You see, I’d always assumed I would die before my father.
Most people find talk of death unsettling, but I’ve lived with the threat of it for so long, it doesn’t have that effect on me. The possibility of death has been my reality for the last fourteen years, an d I’m as comfortable talking about it as I am the weather.
Lydia has opened up a yarn shop in Seattle. After two bouts of cancer she has decided to make her dream job come true. She begins a knitting class to bring people to the store and suddenly has three new friends to knit with every Friday. Jacqueline is a society gal who is hard to like, Carol and her husband are on their last in vitro treatment and she is desperate to have a child and Alix is a troubled girl looking for an easy way to fulfill her court appointed community service. The four women become fast friends and are able to provide support through their troubles.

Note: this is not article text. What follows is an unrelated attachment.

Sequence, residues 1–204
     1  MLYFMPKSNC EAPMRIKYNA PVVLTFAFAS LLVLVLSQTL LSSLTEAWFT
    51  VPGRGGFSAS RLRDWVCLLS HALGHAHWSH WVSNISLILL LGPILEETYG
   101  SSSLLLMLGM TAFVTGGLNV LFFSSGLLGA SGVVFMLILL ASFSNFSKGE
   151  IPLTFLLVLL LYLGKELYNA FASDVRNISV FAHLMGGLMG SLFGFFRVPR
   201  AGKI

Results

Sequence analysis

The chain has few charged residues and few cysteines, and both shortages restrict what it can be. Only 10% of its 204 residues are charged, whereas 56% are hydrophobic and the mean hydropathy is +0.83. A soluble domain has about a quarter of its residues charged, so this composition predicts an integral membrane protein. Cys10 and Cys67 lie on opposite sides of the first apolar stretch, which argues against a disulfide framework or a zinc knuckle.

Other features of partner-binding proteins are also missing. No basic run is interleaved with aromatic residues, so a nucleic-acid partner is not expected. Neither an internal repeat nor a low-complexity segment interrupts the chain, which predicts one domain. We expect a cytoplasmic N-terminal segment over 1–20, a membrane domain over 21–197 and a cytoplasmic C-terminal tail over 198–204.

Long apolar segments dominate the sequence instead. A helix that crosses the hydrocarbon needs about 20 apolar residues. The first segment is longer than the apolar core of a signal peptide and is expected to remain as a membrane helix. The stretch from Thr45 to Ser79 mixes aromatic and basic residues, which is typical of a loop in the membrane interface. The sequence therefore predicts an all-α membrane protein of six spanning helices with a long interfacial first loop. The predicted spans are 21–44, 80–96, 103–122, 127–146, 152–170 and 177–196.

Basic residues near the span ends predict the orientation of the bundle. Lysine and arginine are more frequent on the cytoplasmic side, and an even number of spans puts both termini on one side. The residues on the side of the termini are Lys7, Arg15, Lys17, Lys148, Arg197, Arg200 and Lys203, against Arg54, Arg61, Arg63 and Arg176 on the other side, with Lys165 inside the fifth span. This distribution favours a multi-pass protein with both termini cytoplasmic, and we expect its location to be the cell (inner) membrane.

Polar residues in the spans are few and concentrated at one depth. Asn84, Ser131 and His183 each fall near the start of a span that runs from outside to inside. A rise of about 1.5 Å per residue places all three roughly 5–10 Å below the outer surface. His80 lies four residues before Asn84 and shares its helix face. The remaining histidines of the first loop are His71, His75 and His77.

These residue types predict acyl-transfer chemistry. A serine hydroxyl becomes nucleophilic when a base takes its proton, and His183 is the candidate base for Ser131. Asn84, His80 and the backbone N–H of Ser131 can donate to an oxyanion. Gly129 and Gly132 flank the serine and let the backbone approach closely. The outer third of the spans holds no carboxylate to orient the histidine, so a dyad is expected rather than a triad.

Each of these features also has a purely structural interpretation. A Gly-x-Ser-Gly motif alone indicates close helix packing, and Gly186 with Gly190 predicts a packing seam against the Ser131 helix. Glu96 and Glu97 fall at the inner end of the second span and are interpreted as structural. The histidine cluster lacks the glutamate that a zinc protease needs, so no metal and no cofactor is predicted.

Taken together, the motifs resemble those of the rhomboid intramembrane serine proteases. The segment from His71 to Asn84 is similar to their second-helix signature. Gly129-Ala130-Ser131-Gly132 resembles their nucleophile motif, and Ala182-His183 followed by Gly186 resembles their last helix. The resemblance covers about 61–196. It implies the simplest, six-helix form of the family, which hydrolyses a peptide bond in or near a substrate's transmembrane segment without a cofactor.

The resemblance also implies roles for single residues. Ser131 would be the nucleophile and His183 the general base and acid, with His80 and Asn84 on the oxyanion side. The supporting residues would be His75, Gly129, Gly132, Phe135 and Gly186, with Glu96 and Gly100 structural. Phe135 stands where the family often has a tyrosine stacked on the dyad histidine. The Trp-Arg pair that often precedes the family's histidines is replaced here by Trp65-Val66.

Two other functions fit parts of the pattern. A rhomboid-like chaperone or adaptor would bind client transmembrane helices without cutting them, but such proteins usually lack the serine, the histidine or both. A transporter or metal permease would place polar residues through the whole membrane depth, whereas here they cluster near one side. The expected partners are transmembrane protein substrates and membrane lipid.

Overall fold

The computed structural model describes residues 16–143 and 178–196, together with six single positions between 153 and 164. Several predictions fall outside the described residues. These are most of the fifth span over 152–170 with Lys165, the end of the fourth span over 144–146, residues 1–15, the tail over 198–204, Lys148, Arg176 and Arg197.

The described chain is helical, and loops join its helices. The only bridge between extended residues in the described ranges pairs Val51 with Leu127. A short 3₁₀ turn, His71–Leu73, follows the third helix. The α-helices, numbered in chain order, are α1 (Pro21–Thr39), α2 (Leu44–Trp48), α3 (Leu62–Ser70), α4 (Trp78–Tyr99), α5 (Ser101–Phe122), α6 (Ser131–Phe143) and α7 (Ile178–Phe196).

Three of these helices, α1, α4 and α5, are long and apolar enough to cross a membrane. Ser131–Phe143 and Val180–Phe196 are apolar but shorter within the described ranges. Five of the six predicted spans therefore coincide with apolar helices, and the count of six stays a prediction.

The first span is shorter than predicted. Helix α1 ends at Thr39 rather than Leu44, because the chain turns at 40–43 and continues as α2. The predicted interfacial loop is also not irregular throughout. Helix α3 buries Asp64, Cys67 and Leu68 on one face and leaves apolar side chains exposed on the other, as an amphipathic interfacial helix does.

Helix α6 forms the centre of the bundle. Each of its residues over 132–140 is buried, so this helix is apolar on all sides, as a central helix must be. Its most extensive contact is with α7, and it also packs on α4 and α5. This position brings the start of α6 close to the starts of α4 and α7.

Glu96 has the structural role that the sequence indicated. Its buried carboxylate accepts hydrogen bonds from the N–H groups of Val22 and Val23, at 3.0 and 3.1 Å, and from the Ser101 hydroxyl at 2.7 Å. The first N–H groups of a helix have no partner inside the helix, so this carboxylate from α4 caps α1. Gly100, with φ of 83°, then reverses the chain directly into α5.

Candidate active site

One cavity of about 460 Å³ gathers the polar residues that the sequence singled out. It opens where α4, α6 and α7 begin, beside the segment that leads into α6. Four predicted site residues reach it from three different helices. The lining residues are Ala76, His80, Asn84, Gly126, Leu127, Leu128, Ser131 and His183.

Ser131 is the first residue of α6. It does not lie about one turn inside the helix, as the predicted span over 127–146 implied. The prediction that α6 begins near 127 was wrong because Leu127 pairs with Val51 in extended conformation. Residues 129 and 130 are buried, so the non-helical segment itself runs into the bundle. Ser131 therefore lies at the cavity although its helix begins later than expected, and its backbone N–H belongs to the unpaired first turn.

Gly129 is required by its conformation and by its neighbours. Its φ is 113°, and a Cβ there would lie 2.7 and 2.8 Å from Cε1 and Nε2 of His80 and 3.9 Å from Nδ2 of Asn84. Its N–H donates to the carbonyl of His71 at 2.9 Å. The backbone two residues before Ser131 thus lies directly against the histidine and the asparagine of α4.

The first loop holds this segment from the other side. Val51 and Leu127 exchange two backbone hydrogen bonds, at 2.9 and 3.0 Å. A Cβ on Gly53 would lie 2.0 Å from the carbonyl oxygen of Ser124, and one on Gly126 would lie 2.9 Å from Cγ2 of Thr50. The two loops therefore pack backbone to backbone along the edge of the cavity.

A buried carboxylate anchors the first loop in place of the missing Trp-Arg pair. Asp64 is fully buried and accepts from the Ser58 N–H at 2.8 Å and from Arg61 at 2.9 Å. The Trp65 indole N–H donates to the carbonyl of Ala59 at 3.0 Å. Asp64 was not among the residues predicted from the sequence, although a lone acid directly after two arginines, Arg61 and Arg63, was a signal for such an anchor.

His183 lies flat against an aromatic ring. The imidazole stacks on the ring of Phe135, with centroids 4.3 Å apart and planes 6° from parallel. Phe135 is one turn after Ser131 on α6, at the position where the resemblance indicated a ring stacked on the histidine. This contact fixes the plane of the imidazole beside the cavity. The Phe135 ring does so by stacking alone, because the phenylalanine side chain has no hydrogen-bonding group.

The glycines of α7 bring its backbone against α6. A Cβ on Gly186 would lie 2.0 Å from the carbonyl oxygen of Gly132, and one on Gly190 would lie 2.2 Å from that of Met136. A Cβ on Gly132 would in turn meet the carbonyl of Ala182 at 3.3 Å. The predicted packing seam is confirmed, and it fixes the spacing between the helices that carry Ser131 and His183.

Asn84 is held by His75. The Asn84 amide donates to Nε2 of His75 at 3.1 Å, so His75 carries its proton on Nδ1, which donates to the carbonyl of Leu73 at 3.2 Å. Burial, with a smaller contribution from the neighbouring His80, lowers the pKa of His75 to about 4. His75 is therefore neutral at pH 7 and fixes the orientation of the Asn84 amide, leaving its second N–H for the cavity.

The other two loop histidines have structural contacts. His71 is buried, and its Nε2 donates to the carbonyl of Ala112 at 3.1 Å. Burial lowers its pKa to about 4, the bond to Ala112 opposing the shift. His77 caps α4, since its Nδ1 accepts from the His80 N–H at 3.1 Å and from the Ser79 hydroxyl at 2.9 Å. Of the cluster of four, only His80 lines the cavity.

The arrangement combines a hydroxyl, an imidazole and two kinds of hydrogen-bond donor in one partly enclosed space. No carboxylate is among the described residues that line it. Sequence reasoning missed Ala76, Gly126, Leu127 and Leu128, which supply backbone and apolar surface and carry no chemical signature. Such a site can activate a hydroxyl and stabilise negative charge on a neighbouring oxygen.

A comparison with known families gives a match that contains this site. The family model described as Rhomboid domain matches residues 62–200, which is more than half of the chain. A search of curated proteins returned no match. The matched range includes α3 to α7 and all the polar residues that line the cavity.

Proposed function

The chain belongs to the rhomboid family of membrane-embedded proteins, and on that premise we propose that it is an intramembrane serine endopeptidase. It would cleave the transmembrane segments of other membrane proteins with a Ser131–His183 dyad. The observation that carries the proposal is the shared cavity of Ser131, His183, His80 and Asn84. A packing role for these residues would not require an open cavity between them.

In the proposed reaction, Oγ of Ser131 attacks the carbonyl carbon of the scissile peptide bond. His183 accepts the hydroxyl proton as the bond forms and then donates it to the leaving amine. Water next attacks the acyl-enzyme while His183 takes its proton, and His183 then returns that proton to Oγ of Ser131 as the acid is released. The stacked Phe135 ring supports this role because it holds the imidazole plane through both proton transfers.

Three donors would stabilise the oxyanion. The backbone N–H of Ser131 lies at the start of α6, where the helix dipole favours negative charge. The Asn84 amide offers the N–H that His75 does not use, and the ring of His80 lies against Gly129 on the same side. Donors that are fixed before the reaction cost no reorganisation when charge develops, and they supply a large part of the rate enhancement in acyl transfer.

This was a sweet, easy read, like most of Macomber’s books. The chapters jump between the women and this diluted the stories for me. I got a little taste of each, but wasn’t really invested in any of them. The women were relatable and their stories made them feel like familiar friends, or maybe just acquaintances. I liked it but won’t be reading any of the other books of this series. It was just a little too easily wrapped up for me.
“You have to read Debbie Macomber and this is a great series about a knit shop and women’s friendships.” Bonnie
“It’s great when you need a light read.” ‘Nise